Experiment 3 investigated the effects of a higher mid-incubation temperature, post-hatch feeding strategy and the interaction between them in relation to broiler resilience to colibacillosis. Colibacillosis was induced at 8 days of age. Body weights were measured daily for 13 days, morbidity was evaluated at 6 moments post-E. coli inoculation, and mortality was noted daily.

Results showed that a higher mid-EST reduced the probability of surviving colibacillosis. Furthermore, early feeding resulted in a lower incidence of local infection, lower daily body weight losses and higher growth performance until slaughter. Additionally, an interaction between EST and post-hatch feeding strategy was found for systemic infections.

At a higher mid-EST, early feeding resulted in a greater incidence but not the severity of systemic infections, expressed by a higher percentage of broilers with E. coli in blood and lesions in the liver and/or pericardium. At control EST, systemic infection was not affected by feeding strategy, and the severity of the total mean lesions score was lower for early compared to delayed feeding.

To summarise, a higher mid-EST seems to impair embryo development. This can negatively affect the beneficial effects of early feeding on broiler resilience which is found when incubated at control EST.

Dr Wijnen also investigated which biological mechanisms could explain the findings. “Unfortunately, our study did not provide an answer. Perhaps it has something to do with stress as we found higher corticosterone levels in delayed-fed chicks. Stress can have a negative impact on the immune system. However, we did not find lasting differences in stress response between the treatment groups. It could also have something to do with nutrient metabolism, trained immunity, thermoregulatory capacity, or something completely different. In short, we really don’t know yet, and research with a more fundamental approach is needed to investigate why exactly these perinatal conditions affect later life broiler resilience to infectious diseases.”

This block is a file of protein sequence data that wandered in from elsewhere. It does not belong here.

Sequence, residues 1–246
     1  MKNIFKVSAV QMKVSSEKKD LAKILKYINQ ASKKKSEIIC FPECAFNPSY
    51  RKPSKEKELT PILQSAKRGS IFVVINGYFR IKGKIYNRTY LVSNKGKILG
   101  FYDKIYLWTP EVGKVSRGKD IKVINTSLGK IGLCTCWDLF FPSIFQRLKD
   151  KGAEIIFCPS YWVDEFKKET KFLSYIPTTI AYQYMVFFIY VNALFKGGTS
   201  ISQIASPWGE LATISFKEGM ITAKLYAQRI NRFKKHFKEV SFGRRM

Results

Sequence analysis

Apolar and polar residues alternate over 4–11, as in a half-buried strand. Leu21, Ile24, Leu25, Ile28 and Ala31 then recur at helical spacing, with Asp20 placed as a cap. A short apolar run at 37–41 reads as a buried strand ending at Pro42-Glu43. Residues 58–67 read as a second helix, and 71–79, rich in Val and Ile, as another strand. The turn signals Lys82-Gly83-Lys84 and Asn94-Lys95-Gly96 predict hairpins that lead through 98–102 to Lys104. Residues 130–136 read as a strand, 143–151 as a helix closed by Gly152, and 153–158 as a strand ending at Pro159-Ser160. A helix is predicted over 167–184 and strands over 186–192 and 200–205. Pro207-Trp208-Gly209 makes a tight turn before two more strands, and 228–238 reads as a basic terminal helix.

Wijnen: ‘’Optimal early life conditions can have long-lasting effects and may therefore also support poultry resilience.''
Wijnen: ‘’Optimal early life conditions can have long-lasting effects and may therefore also support poultry resilience.''

Constant temperature

Wijnen concludes: “Both a higher mid-EST and a lower late EST result in a reduced resilience to infectious diseases in broilers compared to a constant 100°F (37.78°C) EST. Contrary to what we hypothesised, these alternative EST patterns probably impair embryo development. Furthermore, this worse embryo development can negatively impact the effect that post-hatch feeding strategy has on broiler resilience.”

He continued to say that suboptimal EST in combination with early feeding can increase the risk of systemic infections, while generally, early-fed broilers show greater resilience to infectious diseases compared to 48-hour delayed-fed broilers. “It’s intriguing that relatively small deviations in eggshell temperature during incubation (2°F) can have a tremendous impact on later life disease resilience. The most important takeaway for hatcheries is that it is imperative to maintain the currently targeted 100°F (37.78°C) eggshell temperature from start to finish. It is essential for the success of broilers. A constant 100°F (37.78°C) eggshell temperature: that’s where the magic happens.”

Brockotter
Fabian Brockotter Editor in Chief, Poultry World